Located in the North Central Province of Sri Lanka, Ritigala is less than 200 km from Colombo and may also be accessed from the popular destinations of the Cultural Triangle such as Anuradhapura, Dambulla, Habarana, Polonnaruwa, and Sigiriya. The remoteness and solitude of Ritigala was ideal for hermits seeking a peaceful place for meditation and they started settling here right since the 3rd century BC or perhaps even before. Today, much of the ruins are simply the foundations, columns, and pathways that lead around this once massive monastery. This place is perfect for those people who have an imagination, love nature, and want to get off the beaten path. It is easy to spend at least a couple of hours exploring this ancient site, wandering along the ancient paths once trodden by monks over 1000 years ago. The best time to visit is early morning, not only to escape crowds but also to enjoy the serenity of the monastic ruins that make Ritigala a must-visit destination for any traveller.
The city still has scars from the bloody decades of the past but soldiers on relentlessly. Its inhabitants resolutely seek refuge in the present and the future. While the people of Sri Lanka are famous for their friendliness, Jaffna seems to stand out all the more. The locals simply love to chat with visitors and will go out of their way to help you. Their disarming smiles and friendly faces are bound to melt your heart.
Attractions include pristine beaches, the slightly dilapidated 'Jaffna Fort', colourful Hindu temples, and hot springs with healing waters. The destination also has a vibrant history. As far as food goes, traditional Jaffna cuisine has a remarkably distinct flavour, which differentiates it from the rest of Sri Lankan cuisine – the taste is somewhat similar to South Indian cuisine. Rise early and visit any local eatery for breakfast served on a banana leaf with a hot cup of masala (spicy) tea. Sweets are aplenty too, but the legendary Rio Ice crème is a must try.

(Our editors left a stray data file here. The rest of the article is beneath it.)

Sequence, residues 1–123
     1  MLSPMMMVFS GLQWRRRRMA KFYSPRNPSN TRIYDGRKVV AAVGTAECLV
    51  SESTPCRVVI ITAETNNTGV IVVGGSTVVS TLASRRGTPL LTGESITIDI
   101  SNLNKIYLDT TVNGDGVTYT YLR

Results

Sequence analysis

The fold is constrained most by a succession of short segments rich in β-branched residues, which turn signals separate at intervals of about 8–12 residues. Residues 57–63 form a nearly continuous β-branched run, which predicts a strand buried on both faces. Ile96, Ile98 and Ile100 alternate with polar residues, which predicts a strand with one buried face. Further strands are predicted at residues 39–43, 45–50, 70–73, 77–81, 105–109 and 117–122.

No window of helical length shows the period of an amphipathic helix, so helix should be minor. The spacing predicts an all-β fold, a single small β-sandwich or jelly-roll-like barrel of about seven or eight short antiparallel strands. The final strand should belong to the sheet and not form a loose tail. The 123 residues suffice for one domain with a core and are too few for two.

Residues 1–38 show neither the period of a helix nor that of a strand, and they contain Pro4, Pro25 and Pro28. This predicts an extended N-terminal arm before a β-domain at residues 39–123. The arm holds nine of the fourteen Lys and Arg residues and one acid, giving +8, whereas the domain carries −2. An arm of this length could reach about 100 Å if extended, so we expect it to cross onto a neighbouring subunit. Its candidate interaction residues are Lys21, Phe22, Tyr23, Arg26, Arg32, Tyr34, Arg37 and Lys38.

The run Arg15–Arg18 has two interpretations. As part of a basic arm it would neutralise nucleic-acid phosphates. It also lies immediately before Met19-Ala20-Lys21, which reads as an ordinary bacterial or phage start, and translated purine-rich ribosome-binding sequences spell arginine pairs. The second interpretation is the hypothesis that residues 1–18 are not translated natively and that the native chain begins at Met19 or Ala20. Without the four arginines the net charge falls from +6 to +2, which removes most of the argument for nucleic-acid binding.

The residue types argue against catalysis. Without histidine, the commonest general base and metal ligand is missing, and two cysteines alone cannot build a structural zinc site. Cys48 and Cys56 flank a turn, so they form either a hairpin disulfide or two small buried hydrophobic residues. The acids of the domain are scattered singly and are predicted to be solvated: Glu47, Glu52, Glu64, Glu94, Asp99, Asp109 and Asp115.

Jaffa fortunately is still very much 'off-the-beaten track' and precisely that’s why it is a wonderful place to visit for anyone who would like to escape the crowds and see a very different side of this wonderful country.
Wilpattu National Park
Wilpattu National Park
With its open scrublands, wetlands and thick jungle, Wilpattu keeps you guessing when on safari. One minute you will spot elephants and the next, water buffaloes. You may come across herds of deer drinking at the watering holes, or you may be lucky enough to even spot a leopard or two. And if you spot both together, you may well get the rare sight of watching a jungle predator at its hunt. There are also sloth bears and the lakes teem with crocodiles. All that water makes it a birding paradise and there are over 200 species. A few of the endemic ones include the pompadour green pigeon, Ceylon parakeet, red-backed woodpecker and the Ceylon grey hornbill.
Wilpattu National Park is open all year round, but is best visited from May to September, or early October. The drought brings wildlife out to the waterholes as they can no longer get water in the deep jungles. Wilpattu is much more peaceful than Yala National Park, especially during the off-season months.